Health Notes - Having Trouble Sleeping?
Insomnia, Part 2
By Ellen S. Mullen M.D.
If you awaken during the night, get up, don’t stay in bed. Go to a different room and try reading a book for about twenty minutes then try to go back to bed. If you cannot fall asleep, get up again and try the same routine. Make sure you are not drinking alcohol or eating or drinking caffeine, especially in the evening. Decongestants and tobacco are also stimulants that may contribute to insomnia. Big meals prior to bedtime can also lead to sleeplessness. Avoid taking daytime naps. Exercise can cause us to be more physically tired but it is best to exercise earlier in the day and not before bedtime.
Decreasing stress by becoming aware of situations that are bothering you is essential in curing insomnia. Make a list of all the things you are worried or concerned about and then go back through the list. As you recognize things on this list that you feel you can change, write down what you will do about them. All of the other situations that you have no control over, try to simply ignore them by crossing them off of your list.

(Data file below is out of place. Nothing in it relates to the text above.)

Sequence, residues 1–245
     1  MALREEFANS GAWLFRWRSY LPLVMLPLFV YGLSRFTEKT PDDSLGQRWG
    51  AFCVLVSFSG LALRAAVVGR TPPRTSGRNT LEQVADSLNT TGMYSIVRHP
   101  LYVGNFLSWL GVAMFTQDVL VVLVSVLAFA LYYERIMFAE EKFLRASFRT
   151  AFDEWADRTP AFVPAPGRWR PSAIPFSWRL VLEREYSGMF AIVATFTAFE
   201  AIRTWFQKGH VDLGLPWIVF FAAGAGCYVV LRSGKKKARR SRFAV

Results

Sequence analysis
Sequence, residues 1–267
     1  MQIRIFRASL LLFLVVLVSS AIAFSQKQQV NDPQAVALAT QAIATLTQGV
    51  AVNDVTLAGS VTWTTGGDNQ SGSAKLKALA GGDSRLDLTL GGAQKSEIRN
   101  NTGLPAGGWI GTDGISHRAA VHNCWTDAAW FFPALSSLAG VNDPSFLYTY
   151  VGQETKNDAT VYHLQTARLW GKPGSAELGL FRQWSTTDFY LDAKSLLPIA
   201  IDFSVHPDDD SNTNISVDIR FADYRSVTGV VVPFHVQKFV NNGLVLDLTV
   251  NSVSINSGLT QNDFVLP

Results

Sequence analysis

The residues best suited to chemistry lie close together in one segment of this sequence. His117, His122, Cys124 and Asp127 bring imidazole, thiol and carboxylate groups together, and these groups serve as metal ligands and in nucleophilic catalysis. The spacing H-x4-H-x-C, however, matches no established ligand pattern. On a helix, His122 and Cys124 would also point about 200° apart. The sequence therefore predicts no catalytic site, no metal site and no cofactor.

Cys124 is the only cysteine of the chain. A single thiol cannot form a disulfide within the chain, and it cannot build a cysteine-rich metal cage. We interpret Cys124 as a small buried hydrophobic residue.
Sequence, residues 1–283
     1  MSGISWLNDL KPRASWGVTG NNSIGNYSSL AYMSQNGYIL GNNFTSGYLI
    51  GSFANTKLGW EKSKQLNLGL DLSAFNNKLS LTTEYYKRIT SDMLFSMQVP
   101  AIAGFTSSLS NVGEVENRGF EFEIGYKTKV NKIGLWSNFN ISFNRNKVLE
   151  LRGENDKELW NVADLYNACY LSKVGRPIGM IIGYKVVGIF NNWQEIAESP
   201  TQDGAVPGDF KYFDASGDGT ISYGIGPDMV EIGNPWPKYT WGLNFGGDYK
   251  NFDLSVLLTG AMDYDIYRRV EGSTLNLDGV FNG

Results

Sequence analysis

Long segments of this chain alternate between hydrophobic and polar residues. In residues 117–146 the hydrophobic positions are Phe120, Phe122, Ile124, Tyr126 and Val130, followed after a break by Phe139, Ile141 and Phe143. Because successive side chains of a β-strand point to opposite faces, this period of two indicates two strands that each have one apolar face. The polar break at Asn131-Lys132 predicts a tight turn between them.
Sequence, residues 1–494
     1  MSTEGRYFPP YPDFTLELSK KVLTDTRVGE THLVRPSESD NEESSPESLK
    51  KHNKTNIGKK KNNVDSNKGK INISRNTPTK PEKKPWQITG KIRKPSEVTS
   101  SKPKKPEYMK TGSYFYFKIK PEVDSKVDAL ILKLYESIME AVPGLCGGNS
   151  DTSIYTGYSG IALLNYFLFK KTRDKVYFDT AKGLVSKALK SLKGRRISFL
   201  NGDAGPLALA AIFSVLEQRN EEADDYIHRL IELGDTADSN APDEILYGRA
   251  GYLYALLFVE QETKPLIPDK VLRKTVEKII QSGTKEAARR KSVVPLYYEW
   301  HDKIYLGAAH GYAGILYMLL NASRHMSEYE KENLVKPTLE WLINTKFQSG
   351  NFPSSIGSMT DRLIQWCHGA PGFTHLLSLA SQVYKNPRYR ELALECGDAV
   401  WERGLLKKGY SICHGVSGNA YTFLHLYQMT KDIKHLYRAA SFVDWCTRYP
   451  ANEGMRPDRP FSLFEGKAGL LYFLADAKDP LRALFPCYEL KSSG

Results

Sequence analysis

Depression can also be associated with insomnia. Therefore it is very important to be in touch with your feelings and get help if you feel you are depressed. Insomnia can be a warning sign of deeper psychological problems.
See insomnia as a warning sign that something is not right and needs to be corrected in your life. As a last resort, over the counter sleep aids can be helpful but should not be used long term in most situations. It is wise to check with your doctor to assure that these medications are safe for you to use. If these do not help, see your doctor and he may suggest a prescription medication to help you to sleep. Again, in general, these should only be used temporarily to reset your internal sleep clock. Finding out the cause of your insomnia is the real cure.